Gay Briton targeted by Uganda's homophobe-in-chief
Bernard Randall, a British citizen, pictured during an interview at his home in Entebbe, Uganda, on November 16, 2013
An evangelical preacher on a self-declared crusade to rid his country of gays, Pastor Male is the man behind the case against Bernard Randall, who stands accused of "trafficking obscene publications".
The pastor views homosexuality as evil, argues that gay men suffer rectal damage and lesbians risk losing the uterus, but also claims he can help turn gays straight.
"I fear Pastor Male, I fear his influence," Randall, 65, said in an interview with AFP ahead of his trial, which is set to resume on Monday.
A former computer engineer from Kent in southeast England, Randall came out as a homosexual after his wife died just short of their 40th wedding anniversary. He first travelled to Uganda in 2011, and this year he settled in the Ugandan town of Entebbe on the banks of Lake Victoria.
Soon after, Randall says his home was robbed and his laptop, which contained images of him having sex with another man in Morocco, was stolen. The alleged thieves, Eric Bugembe and Waswa Sentamu, passed the images to Pastor Male, who then in turn gave them to Red Pepper, a tabloid newspaper.
The newspaper then sounded the alarm over Randall, prompting his arrest and trial. He faces two years behind bars if convicted while his Ugandan partner was also arrested and faces the more serious charge of "gross indecency", and could be jailed for up to seven years.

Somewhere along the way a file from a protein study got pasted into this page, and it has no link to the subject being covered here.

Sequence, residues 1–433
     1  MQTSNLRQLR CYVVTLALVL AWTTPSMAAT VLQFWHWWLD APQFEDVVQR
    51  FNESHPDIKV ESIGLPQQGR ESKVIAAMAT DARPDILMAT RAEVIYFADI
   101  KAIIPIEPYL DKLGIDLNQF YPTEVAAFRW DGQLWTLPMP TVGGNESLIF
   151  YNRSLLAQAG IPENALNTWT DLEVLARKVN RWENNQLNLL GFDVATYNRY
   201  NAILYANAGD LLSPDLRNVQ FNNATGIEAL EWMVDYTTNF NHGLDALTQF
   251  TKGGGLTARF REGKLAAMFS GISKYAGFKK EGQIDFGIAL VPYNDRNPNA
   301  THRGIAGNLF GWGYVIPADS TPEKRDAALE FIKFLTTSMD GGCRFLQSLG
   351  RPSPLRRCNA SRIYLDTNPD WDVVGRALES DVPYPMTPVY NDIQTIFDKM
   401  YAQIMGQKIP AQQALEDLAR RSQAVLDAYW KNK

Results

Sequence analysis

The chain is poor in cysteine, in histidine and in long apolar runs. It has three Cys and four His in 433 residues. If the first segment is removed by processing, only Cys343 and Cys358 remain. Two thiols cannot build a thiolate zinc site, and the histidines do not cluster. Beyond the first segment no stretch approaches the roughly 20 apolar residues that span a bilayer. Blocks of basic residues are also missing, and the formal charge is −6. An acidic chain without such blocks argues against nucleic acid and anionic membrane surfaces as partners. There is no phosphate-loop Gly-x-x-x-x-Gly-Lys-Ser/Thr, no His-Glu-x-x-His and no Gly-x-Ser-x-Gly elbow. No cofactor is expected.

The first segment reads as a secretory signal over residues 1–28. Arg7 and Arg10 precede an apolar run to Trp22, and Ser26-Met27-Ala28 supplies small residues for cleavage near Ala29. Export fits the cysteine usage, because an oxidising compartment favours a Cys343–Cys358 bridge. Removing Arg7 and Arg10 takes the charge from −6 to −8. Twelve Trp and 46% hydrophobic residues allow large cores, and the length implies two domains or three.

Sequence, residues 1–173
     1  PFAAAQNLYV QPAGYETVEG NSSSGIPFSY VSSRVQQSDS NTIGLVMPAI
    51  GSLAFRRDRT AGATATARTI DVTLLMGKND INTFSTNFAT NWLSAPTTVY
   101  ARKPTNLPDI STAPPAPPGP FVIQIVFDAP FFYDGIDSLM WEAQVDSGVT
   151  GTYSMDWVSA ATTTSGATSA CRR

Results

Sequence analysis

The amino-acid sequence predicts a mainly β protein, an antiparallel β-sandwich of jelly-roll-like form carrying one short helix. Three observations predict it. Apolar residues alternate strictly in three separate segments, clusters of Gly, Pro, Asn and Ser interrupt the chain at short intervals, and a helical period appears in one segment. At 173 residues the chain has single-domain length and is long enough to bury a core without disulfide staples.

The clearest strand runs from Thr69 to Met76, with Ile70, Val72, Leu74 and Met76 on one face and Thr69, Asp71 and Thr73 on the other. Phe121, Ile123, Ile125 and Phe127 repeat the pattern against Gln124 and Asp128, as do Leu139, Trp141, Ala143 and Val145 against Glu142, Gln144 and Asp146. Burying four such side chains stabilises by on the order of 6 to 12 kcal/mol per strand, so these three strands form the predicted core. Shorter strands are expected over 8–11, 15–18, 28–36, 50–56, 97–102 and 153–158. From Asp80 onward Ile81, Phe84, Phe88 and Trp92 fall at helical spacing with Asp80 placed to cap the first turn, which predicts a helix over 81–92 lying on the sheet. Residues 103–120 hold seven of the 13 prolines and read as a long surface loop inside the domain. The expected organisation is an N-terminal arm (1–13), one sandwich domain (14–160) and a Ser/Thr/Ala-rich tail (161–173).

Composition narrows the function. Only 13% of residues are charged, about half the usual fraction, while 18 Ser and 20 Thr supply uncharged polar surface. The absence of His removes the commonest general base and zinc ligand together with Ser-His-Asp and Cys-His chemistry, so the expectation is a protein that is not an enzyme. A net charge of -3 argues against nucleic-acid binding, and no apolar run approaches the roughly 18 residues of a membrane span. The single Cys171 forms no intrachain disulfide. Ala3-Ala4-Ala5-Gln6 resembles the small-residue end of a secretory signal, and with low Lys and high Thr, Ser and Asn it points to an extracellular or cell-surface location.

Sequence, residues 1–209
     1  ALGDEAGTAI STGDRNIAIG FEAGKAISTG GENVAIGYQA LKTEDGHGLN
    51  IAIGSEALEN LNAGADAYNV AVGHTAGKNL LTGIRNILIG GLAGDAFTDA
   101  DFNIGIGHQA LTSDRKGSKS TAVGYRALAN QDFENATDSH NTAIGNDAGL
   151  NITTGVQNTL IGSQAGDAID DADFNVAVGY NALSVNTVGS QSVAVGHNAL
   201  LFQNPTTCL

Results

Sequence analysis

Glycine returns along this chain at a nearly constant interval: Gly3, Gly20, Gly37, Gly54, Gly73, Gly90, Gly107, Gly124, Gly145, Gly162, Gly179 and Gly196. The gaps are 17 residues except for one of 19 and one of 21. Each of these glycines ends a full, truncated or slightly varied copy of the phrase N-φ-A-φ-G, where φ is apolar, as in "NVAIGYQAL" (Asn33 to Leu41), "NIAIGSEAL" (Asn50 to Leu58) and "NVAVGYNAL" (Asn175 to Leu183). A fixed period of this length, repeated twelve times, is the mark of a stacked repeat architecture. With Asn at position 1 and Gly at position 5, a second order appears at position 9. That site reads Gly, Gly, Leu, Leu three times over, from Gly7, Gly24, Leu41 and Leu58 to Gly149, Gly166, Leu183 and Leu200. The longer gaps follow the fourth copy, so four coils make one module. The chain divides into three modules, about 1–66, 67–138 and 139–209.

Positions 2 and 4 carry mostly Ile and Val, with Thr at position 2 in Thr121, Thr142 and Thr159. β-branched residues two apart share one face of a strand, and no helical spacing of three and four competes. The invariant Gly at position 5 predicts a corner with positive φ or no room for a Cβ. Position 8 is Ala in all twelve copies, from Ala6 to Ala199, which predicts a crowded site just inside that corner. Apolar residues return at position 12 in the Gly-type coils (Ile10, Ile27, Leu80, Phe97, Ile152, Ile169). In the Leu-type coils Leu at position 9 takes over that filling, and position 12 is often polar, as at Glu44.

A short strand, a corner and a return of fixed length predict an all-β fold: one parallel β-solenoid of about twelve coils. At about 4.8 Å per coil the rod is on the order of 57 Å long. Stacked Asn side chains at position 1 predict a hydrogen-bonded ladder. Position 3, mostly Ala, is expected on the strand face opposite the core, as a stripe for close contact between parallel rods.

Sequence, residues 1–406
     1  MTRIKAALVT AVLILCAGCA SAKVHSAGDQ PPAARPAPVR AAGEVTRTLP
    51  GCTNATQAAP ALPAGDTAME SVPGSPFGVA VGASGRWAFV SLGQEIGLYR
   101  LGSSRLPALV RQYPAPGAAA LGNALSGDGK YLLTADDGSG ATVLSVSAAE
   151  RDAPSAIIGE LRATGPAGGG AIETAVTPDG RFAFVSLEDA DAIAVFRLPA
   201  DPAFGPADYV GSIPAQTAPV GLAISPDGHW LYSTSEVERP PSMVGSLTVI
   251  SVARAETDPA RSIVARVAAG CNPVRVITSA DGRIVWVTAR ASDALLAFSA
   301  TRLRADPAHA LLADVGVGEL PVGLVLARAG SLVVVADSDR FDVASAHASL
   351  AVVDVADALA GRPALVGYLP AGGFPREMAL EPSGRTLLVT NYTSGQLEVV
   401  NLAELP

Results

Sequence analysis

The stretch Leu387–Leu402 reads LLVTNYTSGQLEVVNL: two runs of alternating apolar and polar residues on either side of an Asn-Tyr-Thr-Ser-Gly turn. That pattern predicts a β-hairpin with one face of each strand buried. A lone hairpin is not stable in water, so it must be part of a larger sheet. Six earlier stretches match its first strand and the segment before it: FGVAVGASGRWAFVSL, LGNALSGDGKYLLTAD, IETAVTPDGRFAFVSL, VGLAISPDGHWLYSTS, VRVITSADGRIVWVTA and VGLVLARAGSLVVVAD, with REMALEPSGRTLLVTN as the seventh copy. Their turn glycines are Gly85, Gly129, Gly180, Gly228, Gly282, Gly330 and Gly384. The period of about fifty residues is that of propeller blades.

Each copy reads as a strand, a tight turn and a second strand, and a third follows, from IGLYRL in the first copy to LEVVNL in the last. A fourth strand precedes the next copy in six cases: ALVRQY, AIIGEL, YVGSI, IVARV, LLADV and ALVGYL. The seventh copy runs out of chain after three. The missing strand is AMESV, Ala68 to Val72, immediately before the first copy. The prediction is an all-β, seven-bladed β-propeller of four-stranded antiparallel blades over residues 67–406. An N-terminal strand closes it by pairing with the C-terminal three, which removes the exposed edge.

Pastor Male insists the discovery of the incriminating film being used as evidence against Randall was not obtained in an anti-gay stitch-up.
"They were given the video by Bernard Randall, who wanted to lure them into homosexuality," Pastor Male said of the men, denying they were thieves.
Homophobia is widespread in Uganda and gay men and women in the country face frequent harassment and threats of violence. Rights activists have also reported cases of lesbian women being subjected to "corrective" rapes.
For Pastor Male, homosexuality is a lifestyle choice that can be and should be undone.
"It's stupid to claim that homosexuals are born this way," he told AFP. "I have chosen to speak and fight for our generation. It will be stupid for a man of my calibre to just keep quiet and see all this evil that is encroaching this country."
The 51-year-old preacher spends much of his time bringing the anti-gay message to congregations, schools, the media and politicians.
And in a country where American-style evangelical Christianity is on the rise, he has found plenty of support. Homosexuality is already punishable by heavy jail sentences, and the Ugandan parliament has been for years considering a bill that could see repeat homosexuals executed.
When he launched his latest morality campaign in March 2013, Pastor Male chose to hold a meeting at the cemetery where Ugandan gay rights activist David Kato is buried.
In 2011, Kato was bludgeoned to death at his home after a newspaper splashed photos, names and addresses of gays in Uganda on the front page along with a yellow banner reading "Hang Them".
"Homosexuality is dangerous," Pastor Male said, before going on to explain the supposed public health risks. "I have counselled young men who's rectums have protruded, and young women who have lost uteruses because of indulging in lesbianism."
"There are no facilities to treat them since they would have ruptured anus."
"I have counselled so many people who say they are homosexuals and they have since changed their ways of living. I don't hate homosexuals but the acts of homosexuality. I will fight homosexuality, not the people," the pastor said. "I love the people and I encourage them to come forward."